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Turkmenistan launches national consultations to define post-2015 global development framework

ASHGABAT, 20 February 2013 – Turkmenistan has officially launched the process of national consultations to define the post-2015 global development framework. 


UNDP Turkmenistan / 2013

This process is part of the global UN-led discussions, in which people of the world can express their views on the future they want after 2015, i.e. the end of the Millennium Development Goals (MDG). Turkmenistan is participating in the process of global national consultations among other 66 countries, with the support of the UN agencies accredited in the country. It is expected that the goals of the post-2015 global development framework will be integrated into Turkmenistan’s national policies, plans and strategies.

The launching event was held at the Ministry of Foreign Affairs of Turkmenistan with participation of the representatives of the Foreign Ministry, the UN Country Team as well as national and international mass media accredited in the country. First Deputy Minister of Foreign Affairs of Turkmenistan Mr. Vepa Hajiyev and UN Resident Coordinator, UNDP Resident Representative in Turkmenistan Ms. Jacinta Barrins led the event.

In his opening statement, First Deputy Minister of Foreign Affairs of Turkmenistan Mr. Vepa Hajiyev said that the national consultations in Turkmenistan mark the beginning of a new format of cooperation with the United Nations. According to him, Turkmenistan, being one of the active members of the United Nations, has committed to hold national consultations with various layers of Turkmen society to come up with their proposal and vision of the future development of the international community.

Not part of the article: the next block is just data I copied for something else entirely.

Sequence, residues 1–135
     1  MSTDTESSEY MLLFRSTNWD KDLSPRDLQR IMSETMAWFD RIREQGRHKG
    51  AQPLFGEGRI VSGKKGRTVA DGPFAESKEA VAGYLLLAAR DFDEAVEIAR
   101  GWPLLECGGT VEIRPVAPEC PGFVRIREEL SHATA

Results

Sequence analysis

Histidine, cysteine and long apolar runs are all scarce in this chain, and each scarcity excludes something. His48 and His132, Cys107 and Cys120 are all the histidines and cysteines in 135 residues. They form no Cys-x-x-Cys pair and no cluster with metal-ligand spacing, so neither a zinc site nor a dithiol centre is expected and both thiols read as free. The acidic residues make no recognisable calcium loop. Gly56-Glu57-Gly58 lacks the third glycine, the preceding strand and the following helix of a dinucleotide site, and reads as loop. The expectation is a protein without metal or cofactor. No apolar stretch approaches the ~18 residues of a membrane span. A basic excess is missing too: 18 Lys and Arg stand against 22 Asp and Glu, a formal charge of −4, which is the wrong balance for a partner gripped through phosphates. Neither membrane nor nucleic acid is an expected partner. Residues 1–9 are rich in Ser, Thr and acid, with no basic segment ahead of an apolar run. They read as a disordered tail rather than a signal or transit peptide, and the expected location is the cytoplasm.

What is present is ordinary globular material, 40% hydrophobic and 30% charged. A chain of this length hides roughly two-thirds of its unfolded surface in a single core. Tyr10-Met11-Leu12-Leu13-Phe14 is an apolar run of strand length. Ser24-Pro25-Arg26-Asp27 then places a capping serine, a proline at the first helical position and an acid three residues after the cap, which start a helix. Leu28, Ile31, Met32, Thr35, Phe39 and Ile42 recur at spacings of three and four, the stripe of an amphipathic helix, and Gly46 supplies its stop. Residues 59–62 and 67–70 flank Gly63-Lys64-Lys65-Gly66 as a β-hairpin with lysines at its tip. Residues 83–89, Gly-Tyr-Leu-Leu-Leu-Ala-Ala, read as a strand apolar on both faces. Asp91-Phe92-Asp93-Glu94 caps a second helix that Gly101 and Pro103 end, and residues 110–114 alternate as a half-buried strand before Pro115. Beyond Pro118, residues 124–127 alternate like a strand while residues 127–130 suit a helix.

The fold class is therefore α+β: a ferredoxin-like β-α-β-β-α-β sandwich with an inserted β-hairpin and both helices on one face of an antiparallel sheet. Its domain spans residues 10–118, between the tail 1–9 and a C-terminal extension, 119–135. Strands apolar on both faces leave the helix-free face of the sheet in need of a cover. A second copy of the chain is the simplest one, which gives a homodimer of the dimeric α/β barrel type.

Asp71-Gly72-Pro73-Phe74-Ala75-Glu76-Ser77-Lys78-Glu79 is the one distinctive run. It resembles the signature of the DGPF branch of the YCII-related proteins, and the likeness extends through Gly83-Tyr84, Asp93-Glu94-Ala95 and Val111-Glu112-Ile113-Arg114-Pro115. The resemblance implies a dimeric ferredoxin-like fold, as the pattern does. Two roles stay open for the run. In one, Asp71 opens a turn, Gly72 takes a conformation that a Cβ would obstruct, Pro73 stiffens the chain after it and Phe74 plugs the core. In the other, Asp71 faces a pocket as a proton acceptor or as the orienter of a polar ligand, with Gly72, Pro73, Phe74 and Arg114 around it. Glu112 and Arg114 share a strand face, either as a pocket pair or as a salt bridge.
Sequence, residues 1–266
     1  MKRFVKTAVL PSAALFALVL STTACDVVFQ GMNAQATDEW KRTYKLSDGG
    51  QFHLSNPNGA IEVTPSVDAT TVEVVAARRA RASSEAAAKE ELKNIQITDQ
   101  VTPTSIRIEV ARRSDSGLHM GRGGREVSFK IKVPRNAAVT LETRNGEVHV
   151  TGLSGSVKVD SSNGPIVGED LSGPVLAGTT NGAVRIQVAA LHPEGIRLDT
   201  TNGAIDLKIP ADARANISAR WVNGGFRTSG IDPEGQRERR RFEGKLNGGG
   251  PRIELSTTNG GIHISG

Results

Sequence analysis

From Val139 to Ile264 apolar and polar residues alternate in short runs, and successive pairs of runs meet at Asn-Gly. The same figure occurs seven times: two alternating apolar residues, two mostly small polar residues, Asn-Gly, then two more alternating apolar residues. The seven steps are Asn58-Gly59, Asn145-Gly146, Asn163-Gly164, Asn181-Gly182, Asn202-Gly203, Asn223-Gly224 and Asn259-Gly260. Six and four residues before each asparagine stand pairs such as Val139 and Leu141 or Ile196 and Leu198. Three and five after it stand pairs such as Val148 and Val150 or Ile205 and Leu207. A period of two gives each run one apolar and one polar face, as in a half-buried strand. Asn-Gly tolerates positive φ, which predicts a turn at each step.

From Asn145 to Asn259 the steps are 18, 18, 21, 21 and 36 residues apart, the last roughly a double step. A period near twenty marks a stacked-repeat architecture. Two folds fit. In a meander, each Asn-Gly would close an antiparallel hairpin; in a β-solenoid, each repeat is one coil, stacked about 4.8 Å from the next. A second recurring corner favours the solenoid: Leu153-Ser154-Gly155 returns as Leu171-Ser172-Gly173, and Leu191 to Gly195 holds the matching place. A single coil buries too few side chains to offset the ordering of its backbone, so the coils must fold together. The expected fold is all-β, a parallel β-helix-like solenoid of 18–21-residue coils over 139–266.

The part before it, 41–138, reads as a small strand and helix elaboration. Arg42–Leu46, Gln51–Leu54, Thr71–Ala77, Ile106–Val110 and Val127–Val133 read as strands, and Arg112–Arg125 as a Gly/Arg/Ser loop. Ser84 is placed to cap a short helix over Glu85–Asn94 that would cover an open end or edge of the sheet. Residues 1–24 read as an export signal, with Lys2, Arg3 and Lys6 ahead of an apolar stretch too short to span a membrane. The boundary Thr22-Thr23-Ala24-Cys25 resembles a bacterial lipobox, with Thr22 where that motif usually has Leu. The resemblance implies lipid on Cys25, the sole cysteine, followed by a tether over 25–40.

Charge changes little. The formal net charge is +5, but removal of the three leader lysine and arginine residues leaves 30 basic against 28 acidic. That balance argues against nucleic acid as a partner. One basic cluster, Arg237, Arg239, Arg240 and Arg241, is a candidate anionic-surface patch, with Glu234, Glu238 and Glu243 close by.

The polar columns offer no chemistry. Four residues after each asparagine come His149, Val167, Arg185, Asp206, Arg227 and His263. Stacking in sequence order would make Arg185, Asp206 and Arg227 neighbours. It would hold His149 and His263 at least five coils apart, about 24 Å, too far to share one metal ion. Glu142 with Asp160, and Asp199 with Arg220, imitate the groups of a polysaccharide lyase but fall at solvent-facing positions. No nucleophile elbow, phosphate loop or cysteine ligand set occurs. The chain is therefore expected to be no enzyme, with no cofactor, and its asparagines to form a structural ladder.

“I welcome the fact that not only public sector employees but also representatives of non-governmental organizations, youth and vulnerable groups will participate in this process. This demonstrates the constructive position of Turkmenistan with regard to cooperation with the international organizations and Turkmenistan’s willingness to integrate into these international structures,” Vepa Hajiyev said.

Mr. Vepa Hajiyev also emphasized that the process of the national consultations would be conducted in the form of discussions and surveys with different groups of Turkmen society, and Turkmenistan sees this methodology as a kind of new form and innovation in cooperation with the United Nations. 

Speaking to the mass media representatives, UN Resident Coordinator in Turkmenistan Ms. Jacinta Barrins briefed them on the current global development framework governed by the MDGs and the ongoing global processes to develop a framework for the post-2015 agenda. “The UN Secretary General invited countries around the world to engage in consultation with its people to define what the new development framework could look like. We are privileged that Turkmenistan decided to join the global discourse on the future of the global development,” said Ms. Jacinta Barrins.  

The UN Resident Coordinator in Turkmenistan encouraged the mass media to share this story as wide as possible and keep it alive until June 2013 when the results of the national consultations will be compiled contributing to the UN Secretary General’s report to be presented in August/September to the UN General Assembly.